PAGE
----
As MOCA Humboldt recently showed with a strong performance at the State Fair, microbusinesses can shine in the areas of quality, innovation, and brand recognition. MOCA brought home several awards from the recent competition and is receiving a fair amount of press – a well-deserved and welcome development for any high-performing small operator. I read about their success from a third party on LinkedIn, one of the very best cannabis networking platforms in existence. That type of exposure not only creates brand awareness but can open doors and create profitable business relationships as well.

Unfortunately, the regulations make it challenging to become a cannabis microbusiness. State fees are somewhat stiff at $15,000 up to $1.5 million in revenue and $42,000 a year from $1.5 to several million in sales. Finding a location can also be challenging as zoning restrictions severely limit available sites.

I would like to see Humboldt reduce barriers to entry and allow more microbusinesses to flourish. Lessening onerous zoning and other restrictions and allowing for on-farm operations would streamline the process, allow for greater participation in this niche, and allow for more collaboration among the local cannabis community. Friends could help friends manufacture products and get to market. Jobs would be created and Humboldt could maintain and solidify its position as a world-renowned legacy cannabis community.

Overall market dynamics remain challenging in Cali and microbusiness operators would need to focus on quality, consistency, efficiency, marketing, and creating lasting supply chain and consumer relationships to succeed. Additionally, operators would need to make infrastructure investments to enable operation in diverse business segments. Nonetheless, folks would have more of a fighting chance with diversification, and Humboldt’s near-term economic prospects would be meaningfully improved.

The recently proposed national legalization bill largely fell flat…skeptics cite the lack of a meaningful road show or substantial congressional press releases as evidence the bill will go nowhere. Biden opposes recreational cannabis, thus the move toward interstate commerce everyone was banking on seems to be stalling out. Biden has also failed to make good on his campaign promise of releasing non-violent cannabis offenders – disgraceful quite frankly. All told, industry insiders think it could be years before we have a fully functioning national market…not great news for the Emerald Triangle or small family farms.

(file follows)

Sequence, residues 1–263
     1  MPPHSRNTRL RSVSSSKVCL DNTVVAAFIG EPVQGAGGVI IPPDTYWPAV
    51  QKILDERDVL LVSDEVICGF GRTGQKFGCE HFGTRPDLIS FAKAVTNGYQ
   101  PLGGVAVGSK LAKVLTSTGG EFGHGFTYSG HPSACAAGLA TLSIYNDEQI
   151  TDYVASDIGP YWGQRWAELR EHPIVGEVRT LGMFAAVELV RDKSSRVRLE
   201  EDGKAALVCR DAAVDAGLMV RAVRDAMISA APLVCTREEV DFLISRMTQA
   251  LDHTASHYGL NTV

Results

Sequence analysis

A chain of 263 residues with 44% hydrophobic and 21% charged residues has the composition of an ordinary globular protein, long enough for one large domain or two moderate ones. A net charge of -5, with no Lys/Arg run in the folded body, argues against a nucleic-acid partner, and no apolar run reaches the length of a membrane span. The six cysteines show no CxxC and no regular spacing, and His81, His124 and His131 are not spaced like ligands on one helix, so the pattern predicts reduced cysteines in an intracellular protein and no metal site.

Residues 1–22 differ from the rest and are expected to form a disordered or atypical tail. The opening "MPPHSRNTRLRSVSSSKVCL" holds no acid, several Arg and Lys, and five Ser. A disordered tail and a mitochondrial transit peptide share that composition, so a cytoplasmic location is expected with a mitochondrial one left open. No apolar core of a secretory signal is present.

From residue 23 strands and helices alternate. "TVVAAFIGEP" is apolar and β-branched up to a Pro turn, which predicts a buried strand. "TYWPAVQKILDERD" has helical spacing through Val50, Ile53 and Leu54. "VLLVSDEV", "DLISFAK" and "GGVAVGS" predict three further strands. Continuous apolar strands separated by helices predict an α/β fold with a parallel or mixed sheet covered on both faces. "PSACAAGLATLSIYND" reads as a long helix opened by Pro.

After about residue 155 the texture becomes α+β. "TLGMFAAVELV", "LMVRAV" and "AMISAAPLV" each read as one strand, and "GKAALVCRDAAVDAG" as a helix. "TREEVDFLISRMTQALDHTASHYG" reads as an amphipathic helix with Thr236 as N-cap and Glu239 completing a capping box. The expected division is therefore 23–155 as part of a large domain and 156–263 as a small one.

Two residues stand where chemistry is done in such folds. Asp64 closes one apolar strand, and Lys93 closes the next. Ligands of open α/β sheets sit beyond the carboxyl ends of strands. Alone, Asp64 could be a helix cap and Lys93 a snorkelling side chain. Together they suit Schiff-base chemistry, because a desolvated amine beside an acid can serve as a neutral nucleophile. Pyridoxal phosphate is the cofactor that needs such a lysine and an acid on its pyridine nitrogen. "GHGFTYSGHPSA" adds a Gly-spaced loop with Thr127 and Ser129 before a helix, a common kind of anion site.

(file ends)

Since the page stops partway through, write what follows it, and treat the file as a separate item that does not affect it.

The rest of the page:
Humboldt County regulators already stepped up once, granting operators relief from the cultivation tax. California followed suit and eliminated it as well. It’s time for Humboldt to take another step forward. Let’s stop hamstringing farmers and allow microbusinesses to flourish.

Aside from very niche distribution of packaged cannabis products or high-volume, ultra-low-cost outdoor production, making a living in the dirt – our county’s bread and butter – is increasingly out of reach for most.

A streamlined microbusiness process that encourages broader adoption and differentiates Humboldt in terms of product quality and innovation can help us stay relevant. Additionally, these micro cultivation, manufacturing, and retail operations could be a huge draw for cannabis tourists. I am personally fascinated with manufacturing, packaging, and farming operations, and tens of millions of consumers agree, which we will discuss next time.

Humboldt needs to hold on to its heritage…a rich, pioneering, and profitable history of cannabis cultivation and medicinal discovery. While our way of life is threatened, an operator-friendly regulatory environment coupled with love, dedication, innovation, differentiation, and collaboration can move us forward in unity and strength. Failure to do so puts our county strongly in the crosshairs of economic and social collapse.

Much love,



Jesse Duncan is a lifelong Humboldt County resident, a father of six, a retired financial advisor, and a full-time commercial cannabis grower. He is also the creator of NorCal Financial and Cannabis Consulting, a no-cost platform that helps small farmers improve their cultivation, business, and financial skills. Please check out his blog at, his Instagram at jesse_duncann, and connect with him on Linkedin.